A randomized, placebo-controlled, multicenter study by Trugman et al14 assessed the efficacy of istradefylline in 225 patients with PD and motor complications who were experiencing a wearing-off response to levodopa therapy. Over a 12-week period, the percentage of awake time per day in the off state was evaluated in patients who received istradefylline 20 mg/d or placebo. Patients who received istradefylline demonstrated a greater change from baseline in the percentage of awake time per day spent in the off state versus those who received placebo (–9.49% vs –4.92%), a difference that was statistically significant (4.57%; P=.025). Patients treated with istradefylline also demonstrated a greater change from baseline versus those treated with placebo in the daily hours of awake time spent in the off state (–1.58 h vs –0.86 h), a difference that was statistically significant (–0.73 h; P=.03).
LeWitt et al15 conducted two 12-week, randomized, double-blind, placebo-controlled, multicenter studies to assess the efficacy of adjunctive istradefylline therapy in reducing off time in patients with PD and with motor dysfunction who were experiencing a wearing-off response to treatment with levodopa. A total of 591 patients were randomized to receive istradefylline 40 mg/d or placebo (first study) or istradefylline 20 or 60 mg/d or placebo (second study). At the end of the first study, patients treated with istradefylline 40 mg/d demonstrated a significantly greater reduction in hours of off time (–1.8 h vs –0.6 h; P=.006) and in percentage of hours in the off state (–10.8% vs –4%; P=.007) versus patients treated with placebo. At the conclusion of the second study, the change in percentage of off time was –7.9% among patients treated with istradefylline 20 mg/d, –8.1% among patients treated with istradefylline 60 mg/d, and –4.3% among patients treated with placebo; these differences were not statistically significant (P<.1). However, when the baseline percentage of off time was incorporated into the analysis as a covariate, the differences between patients treated with istradefylline 20 or 60 mg/d and those treated with placebo were statistically significant (P=.026 and P=.024, respectively).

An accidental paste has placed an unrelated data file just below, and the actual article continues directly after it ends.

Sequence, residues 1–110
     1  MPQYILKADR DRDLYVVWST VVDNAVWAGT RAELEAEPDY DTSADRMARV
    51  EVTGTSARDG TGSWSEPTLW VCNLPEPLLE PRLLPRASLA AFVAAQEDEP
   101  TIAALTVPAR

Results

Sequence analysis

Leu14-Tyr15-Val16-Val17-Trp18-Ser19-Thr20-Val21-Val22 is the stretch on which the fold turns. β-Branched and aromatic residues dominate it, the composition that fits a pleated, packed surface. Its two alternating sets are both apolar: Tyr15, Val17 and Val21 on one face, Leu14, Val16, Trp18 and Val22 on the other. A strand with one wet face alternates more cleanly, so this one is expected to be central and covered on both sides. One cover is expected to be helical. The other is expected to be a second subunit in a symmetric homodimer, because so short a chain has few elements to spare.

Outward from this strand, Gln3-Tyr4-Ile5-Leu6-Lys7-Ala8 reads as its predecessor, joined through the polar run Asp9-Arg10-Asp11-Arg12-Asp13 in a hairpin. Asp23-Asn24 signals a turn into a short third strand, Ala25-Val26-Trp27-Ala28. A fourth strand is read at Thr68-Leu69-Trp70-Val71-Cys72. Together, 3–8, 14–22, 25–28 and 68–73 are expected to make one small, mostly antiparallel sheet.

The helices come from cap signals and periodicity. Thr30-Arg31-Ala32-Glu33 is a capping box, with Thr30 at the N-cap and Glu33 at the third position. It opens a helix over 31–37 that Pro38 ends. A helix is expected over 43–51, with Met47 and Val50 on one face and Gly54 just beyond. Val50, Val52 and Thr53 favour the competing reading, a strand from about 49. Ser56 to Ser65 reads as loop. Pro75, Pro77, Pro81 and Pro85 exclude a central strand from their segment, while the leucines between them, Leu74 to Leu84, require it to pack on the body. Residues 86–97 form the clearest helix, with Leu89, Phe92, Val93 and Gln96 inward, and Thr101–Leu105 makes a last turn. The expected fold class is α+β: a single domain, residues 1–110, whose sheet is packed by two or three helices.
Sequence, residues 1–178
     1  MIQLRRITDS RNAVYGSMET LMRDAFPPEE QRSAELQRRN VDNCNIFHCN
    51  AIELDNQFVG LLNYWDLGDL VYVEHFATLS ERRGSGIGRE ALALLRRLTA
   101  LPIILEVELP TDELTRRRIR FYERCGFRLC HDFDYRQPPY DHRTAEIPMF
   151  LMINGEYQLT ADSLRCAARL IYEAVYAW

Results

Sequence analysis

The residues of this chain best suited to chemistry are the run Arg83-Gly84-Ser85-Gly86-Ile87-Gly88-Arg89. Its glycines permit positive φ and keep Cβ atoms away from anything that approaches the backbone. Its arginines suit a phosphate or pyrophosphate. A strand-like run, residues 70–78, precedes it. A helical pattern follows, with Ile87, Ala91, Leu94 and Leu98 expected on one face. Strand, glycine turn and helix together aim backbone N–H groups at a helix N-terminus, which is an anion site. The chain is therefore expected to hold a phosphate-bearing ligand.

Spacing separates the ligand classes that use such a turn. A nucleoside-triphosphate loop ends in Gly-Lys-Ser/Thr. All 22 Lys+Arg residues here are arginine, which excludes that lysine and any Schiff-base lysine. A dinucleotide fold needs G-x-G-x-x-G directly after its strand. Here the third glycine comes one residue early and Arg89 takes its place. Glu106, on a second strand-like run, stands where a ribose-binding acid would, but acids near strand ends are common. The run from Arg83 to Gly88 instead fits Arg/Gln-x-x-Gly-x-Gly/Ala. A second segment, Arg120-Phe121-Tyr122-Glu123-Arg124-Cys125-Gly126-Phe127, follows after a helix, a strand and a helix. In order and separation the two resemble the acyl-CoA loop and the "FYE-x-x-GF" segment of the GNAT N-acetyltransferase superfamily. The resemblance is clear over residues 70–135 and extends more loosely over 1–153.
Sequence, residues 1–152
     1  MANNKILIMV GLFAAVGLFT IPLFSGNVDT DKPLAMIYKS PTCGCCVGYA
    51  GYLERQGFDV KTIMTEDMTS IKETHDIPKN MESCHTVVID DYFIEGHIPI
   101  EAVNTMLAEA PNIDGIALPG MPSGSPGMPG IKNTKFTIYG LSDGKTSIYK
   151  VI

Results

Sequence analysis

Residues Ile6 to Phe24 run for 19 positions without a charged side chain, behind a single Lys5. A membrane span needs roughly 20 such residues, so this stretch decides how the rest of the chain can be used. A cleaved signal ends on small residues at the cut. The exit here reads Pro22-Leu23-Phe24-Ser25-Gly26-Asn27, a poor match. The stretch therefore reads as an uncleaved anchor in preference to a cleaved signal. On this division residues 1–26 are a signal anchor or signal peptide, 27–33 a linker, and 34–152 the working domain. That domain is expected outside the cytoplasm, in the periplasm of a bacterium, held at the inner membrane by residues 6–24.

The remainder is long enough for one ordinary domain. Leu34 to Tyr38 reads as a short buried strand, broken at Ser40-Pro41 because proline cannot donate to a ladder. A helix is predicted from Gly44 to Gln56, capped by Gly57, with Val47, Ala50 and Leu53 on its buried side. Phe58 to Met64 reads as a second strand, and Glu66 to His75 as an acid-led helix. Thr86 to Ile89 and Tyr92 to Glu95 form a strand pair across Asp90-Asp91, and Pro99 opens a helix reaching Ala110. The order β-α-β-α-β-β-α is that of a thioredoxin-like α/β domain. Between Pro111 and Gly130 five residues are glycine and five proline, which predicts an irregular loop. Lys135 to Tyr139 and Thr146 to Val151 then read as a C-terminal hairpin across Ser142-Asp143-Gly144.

Mark et al16 evaluated the long-term efficacy of istradefylline in an open-label study consisting of 496 patients with PD. These patients had previously been enrolled in double-blind, placebo-controlled trials involving istradefylline. In this study, 2 groups were formed for an efficacy analysis. Group 1 consisted of patients who had received istradefylline in previous trials (total baseline off time, 4.4 h), whereas Group 2 included patients who had received placebo in previous trials, in addition to patients who had not received either active drug or placebo drug for >2 weeks before the beginning of this trial (total baseline off time, 5.6 h). In all patients, istradefylline was initiated at a dose of 40 mg/d, but the dose could be adjusted to either 20 mg/d or 60 mg/d. Study results demonstrated that total hours in the off state continued to be stable among patients in Group 1 for up to 52 weeks, whereas patients in Group 2 had a decrease in off time of approximately 0.7 to 0.9 hours within 2 weeks of istradefylline treatment; this reduction was maintained for up to 52 weeks.